Imagine Obama, in a pre-1776 setting but in the present US political climate, calling for closer ties among separate red and blue states, like a banking union, fiscal union etc., that would take away far-reaching powers from the separate states and hand them to Washington and Wall Street. That — absurd — image probably better explains the impossibility of what the IMF and EU leaders and incumbent politicians seek to accomplish today than any other can. Just as it best explains the proclivity for broad unrest, blood and war on the old continent.

When you compare the US and the EU at this point in time (and this point only), it's all too obvious who's doing better. Europe makes Obama look good. But that's not the whole story. Europe will also break Obama's career in his second term. It's not just in President Hollande's case that you may need to wonder why anyone would want that job.

All the plans to save Greece, Spain et al and keep them in the euro zone are still based on growth recovery prospects which are in turn based on entirely unrealistic assumptions. And every single turn of the way those assumptions have to be recalibrated downwards. Which always leads to more austerity demands, more cuts. And at some point that will no longer work. You can't cut beyond the bone. And obviously you can't grow an economy with 25 percent unemployment or with over 50 percent of your young people out of work.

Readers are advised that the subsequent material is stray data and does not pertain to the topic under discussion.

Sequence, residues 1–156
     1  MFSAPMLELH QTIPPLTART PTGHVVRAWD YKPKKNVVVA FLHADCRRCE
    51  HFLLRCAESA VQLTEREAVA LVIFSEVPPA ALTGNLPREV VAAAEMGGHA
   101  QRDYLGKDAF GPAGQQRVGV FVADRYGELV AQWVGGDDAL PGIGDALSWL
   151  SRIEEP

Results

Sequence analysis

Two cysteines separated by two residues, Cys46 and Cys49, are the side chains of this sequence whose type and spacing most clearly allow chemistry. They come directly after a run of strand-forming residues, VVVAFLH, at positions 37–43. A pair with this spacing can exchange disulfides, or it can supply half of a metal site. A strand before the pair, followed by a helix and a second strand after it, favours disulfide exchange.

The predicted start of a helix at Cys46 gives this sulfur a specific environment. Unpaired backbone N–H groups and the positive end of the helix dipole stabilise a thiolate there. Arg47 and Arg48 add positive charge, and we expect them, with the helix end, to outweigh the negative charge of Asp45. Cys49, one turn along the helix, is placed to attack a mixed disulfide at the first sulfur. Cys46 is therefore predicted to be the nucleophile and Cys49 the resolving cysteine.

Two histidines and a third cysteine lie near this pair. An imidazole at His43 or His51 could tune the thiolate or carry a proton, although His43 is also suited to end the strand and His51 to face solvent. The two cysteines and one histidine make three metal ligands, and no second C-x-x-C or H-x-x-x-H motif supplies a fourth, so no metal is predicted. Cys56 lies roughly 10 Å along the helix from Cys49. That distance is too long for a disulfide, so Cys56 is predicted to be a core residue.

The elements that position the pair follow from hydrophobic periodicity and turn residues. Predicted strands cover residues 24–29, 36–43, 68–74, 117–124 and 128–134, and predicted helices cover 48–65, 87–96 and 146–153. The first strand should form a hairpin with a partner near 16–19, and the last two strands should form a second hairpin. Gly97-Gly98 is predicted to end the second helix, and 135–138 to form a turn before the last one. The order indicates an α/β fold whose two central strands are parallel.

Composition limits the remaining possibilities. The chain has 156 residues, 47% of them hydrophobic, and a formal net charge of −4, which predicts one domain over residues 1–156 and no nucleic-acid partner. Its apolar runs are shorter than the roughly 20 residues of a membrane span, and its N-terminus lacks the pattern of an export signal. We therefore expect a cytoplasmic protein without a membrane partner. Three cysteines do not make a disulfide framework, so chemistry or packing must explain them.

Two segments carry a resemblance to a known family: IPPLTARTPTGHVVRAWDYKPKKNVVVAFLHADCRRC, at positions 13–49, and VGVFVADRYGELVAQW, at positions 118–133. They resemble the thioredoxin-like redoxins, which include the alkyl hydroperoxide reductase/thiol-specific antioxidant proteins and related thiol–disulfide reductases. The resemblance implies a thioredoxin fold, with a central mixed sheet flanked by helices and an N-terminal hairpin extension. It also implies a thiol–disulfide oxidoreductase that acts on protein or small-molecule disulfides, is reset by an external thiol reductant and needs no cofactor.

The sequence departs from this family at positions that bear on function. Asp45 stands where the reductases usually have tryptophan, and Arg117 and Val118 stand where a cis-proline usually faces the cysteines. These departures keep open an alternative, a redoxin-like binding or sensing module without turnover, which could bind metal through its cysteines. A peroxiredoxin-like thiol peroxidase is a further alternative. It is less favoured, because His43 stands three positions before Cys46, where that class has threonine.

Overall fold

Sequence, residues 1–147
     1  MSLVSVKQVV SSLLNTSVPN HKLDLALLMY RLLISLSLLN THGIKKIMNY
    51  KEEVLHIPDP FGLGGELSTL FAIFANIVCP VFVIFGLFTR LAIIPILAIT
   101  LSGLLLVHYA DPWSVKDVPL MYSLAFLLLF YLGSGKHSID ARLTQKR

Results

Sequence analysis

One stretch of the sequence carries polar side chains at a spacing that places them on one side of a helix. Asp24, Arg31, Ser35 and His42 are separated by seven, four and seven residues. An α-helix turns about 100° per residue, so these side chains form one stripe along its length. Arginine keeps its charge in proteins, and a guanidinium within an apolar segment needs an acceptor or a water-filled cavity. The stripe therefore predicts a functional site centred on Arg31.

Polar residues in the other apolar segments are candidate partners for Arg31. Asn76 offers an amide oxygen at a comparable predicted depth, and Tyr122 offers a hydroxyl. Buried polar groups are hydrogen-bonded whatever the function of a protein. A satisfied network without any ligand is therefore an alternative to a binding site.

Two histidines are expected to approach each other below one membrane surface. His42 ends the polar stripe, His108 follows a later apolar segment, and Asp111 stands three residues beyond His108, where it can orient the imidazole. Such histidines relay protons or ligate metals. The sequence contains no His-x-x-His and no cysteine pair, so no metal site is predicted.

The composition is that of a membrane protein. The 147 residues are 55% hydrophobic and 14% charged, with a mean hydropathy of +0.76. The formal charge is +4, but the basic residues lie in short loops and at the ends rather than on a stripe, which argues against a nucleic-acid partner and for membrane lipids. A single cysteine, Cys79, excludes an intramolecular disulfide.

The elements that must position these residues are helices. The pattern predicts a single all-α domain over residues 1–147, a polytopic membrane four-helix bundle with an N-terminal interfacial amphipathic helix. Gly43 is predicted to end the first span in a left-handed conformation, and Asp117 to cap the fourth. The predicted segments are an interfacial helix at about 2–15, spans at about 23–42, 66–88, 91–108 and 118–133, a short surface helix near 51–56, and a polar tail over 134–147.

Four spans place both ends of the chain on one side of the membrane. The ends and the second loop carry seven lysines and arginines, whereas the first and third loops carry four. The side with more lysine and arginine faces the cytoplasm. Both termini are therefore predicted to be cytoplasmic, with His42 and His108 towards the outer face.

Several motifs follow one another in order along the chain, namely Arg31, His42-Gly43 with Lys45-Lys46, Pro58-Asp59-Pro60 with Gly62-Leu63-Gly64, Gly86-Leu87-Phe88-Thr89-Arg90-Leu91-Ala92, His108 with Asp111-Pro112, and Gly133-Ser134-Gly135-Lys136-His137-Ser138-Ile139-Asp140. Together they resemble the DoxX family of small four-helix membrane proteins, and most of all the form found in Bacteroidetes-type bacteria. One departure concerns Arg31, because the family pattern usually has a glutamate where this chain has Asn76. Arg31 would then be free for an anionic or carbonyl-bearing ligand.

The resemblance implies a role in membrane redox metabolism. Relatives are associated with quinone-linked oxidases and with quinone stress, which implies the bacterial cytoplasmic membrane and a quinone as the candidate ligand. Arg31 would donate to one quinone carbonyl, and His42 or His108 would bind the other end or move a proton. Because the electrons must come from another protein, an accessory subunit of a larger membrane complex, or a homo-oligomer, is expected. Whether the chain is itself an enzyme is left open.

The euro zone is about to fall to pieces. That will shake the global financial world to its core, including the US. There are estimates for countries that leave the currency union to see their GDP fall as much 40-50 percent in the first year. It's today all but certain that Greece needs a debt restructuring in which the EU and ECB will be forced to write off substantial parts of their holdings. For the incumbent politicians in the richer core countries that's about the last thing they want to explain back home. If only because they know full well that there's much more of that in the offing.

Europe should focus on a painless as can be transition to a situation in which the hardest hit countries can leave the eurozone and still remain friends. But it's still double or nothing all the way for the leadership, an increasingly dangerous kind of blindness. The longer they delay accepting this, the more devastating the explosion will become. And not just in Europe. It will expose the facade, the mirage that the world economy has become, where keeping up appearances has become possible only through mobster accounting standards and grand theft auto from coming generations.

When the euro zone explodes, so will the rest of the world economy. Including the US. Obama doesn't have to worry about NOT getting a second term; he should instead worry about getting it, and about what's going to happen on his watch in the next four years. If he lasts in office that long.

More from our partner Business Insider:

Business Insider: China's labor shortage problem isn't just about an aging population

Business Insider: Why the Tesla Model S is the car of the year

Business Insider: Obama moves into tie with Romney

Business Insider: Biased coverage of candidates reaches absurd levels

Business Insider: Republicans freak our about Christie and Obama

Original Source URL: 
http://www.businessinsider.com/europe-makes-obama-look-good-2012-11

http://www.globalpost.com/dispatch/news/regions/americas/united-states/121102/barack-obama-elections-economy-euro-zone-debt-crisis